Which Devil in Development? A Randomized Study of Citizen Actions Supporting Foreign Aid in Uganda
Helen V. Milner
Princeton University - Woodrow Wilson School of Public and International Affairs; Princeton University - Department of Political Science
Daniel L. Nielson
Brigham Young University
Brigham Young University - Department of Political Science
May 12, 2013
Debate over the effectiveness of foreign aid has raged on despite a paucity of information about recipients’ actual views of development assistance, especially as citizens compare aid to domestic government programs. We argue that citizens may see foreign aid as an escape from clientelism because aid is less politicized than government programs, citizens trust donors more, and they support aid conditionality. They may also favor multilateral donors over bilateral donors for similar reasons. We test the argument with a randomized experiment on a subject pool of roughly 3,600 Ugandan citizens – to our knowledge the first nationally representative, large-n study of aid recipients. We randomly assigned the project funders – multilateral banks, bilateral donors, and a control implying the domestic government – for actual co-financed “pipeline” projects and invited citizens to sign a petition and send a text message in support. We find that citizens are significantly more willing to sign a petition or send a text message in favor of foreign aid projects compared to government programs. A companion survey to the experiment reveals evidence that citizens perceive aid as less prone to politicization. Some evidence suggests that Ugandans also see multilateral donors as superior to bilaterals. The findings suggest that recipients view foreign aid as relatively effective compared to domestic government programs.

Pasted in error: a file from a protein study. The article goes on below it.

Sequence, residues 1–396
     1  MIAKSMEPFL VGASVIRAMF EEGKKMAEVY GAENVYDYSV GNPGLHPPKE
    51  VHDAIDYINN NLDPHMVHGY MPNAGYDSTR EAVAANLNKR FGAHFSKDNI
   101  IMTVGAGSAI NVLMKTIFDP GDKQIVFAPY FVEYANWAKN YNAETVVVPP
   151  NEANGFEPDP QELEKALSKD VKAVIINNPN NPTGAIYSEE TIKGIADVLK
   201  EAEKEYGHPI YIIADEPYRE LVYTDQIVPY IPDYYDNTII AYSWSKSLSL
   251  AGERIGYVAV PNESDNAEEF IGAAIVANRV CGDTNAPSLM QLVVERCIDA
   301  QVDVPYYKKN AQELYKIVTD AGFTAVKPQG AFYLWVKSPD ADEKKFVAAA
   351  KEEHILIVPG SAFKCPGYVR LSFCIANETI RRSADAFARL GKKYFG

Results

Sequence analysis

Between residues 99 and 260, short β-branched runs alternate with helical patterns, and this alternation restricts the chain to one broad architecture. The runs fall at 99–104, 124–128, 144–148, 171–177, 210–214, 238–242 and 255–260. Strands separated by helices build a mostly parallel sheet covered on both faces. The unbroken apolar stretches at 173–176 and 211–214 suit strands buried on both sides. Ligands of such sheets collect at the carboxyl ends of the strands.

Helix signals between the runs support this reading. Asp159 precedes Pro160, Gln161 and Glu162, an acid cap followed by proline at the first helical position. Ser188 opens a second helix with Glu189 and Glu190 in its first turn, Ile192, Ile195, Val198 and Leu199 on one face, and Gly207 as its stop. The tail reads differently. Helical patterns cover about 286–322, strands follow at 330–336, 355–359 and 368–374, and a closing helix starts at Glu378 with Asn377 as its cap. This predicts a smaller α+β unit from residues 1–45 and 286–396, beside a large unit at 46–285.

Number of Pages in PDF File: 47
Keywords: foreign aid, development, international institutions, multilateralism, clientelism
Date posted: August 22, 2012 ; Last revised: May 14, 2013
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